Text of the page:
May 27, 2017 at 4:22 pm #174692
WPBY will premiere on July 1st.
Lafayette, Ind.-based Star City Broadcasting is launching the market’s first local ABC affiliate—the group’s third new station in less than a year.
WPBY, branded ABC 49, will light up July 1 with the network’s full slate of programming, in addition to local newscasts, ABC said.
In October 2016, Star City launched the market’s first Fox affiliate, WPBI-LD, a digital low-powered station, and an NBC affiliate, WPBI-LD2, on its subchannel.
Lafayette has traditionally been served by affiliates in neighboring Indianapolis.May 27, 2017 at 9:06 pm #174695
Eric Jon MagnusonParticipant
To clarify a bit, WPBY is apparently WPBY-CD–and is, like its sister, a low-power station.May 27, 2017 at 9:56 pm #174696
To clarify a bit, WPBY is apparently WPBY-CD–and is, like its sister, a low-power station.WPBY-TV is currently used for a West Virginia PBS affiliate for now.May 27, 2017 at 11:26 pm #174698
Correction WPBY in West Virginia became WVPB in 2015.May 31, 2017 at 4:33 pm #174726
Here is an Update
LAFAYETTE, Ind. — Star City Broadcasting, a new media company, recently aired its first newscast. The inaugural newscast ran on Monday.
Star City Broadcasting owns television channels WPBI NBC 16 and WPBI Fox 16 in addition to four radio stations. The new media company also recently announced it will launch a local ABC affiliate. When established, WPBI’s newscast will run on that station as well.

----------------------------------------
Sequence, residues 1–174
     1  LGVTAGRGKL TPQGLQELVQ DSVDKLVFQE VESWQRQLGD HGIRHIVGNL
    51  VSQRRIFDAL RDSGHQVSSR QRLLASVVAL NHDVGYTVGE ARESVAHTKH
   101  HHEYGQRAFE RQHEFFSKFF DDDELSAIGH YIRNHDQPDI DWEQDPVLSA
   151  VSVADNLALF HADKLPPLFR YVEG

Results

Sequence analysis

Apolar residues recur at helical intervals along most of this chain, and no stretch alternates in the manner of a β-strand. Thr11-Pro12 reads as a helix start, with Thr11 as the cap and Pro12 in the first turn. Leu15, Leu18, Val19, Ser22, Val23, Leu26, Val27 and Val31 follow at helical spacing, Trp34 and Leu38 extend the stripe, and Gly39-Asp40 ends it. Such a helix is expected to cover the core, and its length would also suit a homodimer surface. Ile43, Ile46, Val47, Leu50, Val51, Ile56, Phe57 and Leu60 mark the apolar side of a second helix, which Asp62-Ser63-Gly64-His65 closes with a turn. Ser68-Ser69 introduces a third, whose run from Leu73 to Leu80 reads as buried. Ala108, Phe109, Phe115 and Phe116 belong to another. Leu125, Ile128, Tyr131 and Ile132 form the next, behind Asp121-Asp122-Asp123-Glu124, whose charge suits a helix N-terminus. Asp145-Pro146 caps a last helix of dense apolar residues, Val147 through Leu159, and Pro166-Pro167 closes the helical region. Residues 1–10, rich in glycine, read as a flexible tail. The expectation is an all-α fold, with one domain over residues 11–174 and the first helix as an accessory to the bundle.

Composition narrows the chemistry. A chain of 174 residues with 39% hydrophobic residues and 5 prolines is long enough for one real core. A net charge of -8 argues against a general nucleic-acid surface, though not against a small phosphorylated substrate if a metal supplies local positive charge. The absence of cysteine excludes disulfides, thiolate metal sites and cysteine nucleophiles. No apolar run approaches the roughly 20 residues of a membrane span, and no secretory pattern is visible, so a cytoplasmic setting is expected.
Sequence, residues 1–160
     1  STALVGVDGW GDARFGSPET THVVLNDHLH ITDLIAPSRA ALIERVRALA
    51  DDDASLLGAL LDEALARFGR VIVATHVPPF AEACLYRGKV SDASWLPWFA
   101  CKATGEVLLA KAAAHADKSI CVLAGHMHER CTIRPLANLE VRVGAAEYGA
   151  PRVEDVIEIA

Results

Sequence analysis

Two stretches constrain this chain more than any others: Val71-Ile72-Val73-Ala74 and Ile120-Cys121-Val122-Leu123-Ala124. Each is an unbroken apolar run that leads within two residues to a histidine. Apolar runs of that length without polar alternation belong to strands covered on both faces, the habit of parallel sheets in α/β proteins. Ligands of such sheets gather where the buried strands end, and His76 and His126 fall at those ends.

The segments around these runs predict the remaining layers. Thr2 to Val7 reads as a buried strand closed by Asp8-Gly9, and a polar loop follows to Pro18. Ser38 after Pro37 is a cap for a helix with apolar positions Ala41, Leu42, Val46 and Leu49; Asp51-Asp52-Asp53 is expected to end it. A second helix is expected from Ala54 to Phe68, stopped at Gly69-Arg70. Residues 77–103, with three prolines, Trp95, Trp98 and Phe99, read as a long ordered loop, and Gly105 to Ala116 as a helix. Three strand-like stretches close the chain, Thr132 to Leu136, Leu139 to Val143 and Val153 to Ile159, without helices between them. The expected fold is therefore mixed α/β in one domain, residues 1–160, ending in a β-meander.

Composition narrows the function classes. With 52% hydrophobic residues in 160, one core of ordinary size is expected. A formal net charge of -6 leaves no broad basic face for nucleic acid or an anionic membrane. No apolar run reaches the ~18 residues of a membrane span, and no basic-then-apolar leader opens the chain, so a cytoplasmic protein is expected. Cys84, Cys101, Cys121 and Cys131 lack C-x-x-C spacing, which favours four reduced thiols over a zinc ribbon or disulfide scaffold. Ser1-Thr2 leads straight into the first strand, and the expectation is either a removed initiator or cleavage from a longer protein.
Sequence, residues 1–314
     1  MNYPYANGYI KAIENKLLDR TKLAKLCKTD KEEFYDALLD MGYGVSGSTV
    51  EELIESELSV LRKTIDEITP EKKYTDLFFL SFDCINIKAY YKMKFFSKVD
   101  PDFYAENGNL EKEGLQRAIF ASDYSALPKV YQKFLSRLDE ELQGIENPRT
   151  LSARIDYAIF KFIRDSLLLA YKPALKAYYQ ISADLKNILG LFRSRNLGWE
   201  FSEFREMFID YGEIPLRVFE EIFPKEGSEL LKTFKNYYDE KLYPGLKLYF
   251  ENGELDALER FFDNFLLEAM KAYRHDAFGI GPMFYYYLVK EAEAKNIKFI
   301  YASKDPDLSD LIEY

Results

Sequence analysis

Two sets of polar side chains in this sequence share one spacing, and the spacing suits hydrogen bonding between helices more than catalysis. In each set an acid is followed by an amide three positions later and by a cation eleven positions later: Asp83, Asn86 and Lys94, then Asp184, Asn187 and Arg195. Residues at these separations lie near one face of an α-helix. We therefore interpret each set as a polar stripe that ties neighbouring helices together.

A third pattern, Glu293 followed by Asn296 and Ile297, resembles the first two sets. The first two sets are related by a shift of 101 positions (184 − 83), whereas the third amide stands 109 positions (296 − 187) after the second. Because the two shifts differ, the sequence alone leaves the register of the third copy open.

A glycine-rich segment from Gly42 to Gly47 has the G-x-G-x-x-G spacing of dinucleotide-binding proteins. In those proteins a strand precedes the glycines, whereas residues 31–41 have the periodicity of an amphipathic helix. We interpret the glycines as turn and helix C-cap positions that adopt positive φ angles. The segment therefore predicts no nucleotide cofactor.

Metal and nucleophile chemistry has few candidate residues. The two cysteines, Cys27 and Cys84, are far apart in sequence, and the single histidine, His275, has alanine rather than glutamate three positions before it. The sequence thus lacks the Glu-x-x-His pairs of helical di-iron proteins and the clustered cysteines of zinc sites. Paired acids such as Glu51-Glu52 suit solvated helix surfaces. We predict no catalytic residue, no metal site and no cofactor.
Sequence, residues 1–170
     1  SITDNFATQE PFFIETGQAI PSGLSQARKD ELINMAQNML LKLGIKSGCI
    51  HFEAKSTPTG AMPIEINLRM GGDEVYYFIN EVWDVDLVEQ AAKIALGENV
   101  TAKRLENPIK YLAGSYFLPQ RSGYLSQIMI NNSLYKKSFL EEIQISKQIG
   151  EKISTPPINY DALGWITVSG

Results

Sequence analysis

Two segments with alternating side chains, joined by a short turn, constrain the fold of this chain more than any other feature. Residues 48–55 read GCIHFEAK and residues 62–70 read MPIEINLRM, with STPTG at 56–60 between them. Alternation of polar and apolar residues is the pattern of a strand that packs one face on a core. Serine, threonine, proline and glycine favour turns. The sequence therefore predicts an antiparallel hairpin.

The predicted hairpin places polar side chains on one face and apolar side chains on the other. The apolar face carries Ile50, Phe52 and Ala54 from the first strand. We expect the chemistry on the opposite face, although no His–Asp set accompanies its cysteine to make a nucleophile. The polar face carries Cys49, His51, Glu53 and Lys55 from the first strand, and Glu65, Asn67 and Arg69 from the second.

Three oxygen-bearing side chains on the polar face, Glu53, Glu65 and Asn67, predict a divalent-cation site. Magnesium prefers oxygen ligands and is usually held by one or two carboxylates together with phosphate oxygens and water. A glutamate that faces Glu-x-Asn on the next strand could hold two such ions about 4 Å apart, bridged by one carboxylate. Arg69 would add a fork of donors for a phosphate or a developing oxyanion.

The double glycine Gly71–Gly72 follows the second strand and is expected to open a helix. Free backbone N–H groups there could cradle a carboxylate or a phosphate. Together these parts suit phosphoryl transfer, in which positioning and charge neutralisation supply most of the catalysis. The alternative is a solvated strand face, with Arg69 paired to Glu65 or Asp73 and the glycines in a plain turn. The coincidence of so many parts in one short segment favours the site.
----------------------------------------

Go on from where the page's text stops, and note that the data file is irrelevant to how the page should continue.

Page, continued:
The newscast covers events in the Greater Lafayette market. Chris Morisse Vizza will serve as the station’s news director. She has worked as a journalist within Greater Lafayette for more than 25 years.
“I am excited to be part of the Star City News startup and to have this opportunity to provide in-depth perspective on the issues, events and decisions that affect people in the Greater Lafayette area,” Vizza said.
Sarah Blakely, a 2012 graduate of Purdue University, will serve as anchor. She will host the broadcast out of a studio in Little Rock, Arkansas.
Tom Comerford, WPBI’s general manager, said the broadcast is filling a necessary hole in the local market in terms of news coverage. He added that as Lafayette grows it makes more sense to have local network affiliates, instead of those out of Indianapolis.
“Lafayette is growing up; it’s time for it to have its own affiliates,” Comerford said.
For a town the size of Lafayette, he continued, there is no reason to have Indianapolis affiliates running programming locally.
“No one in Indianapolis ever cared about Lafayette unless something really bad happened there,” Comerford said, who previously worked in Indianapolis.
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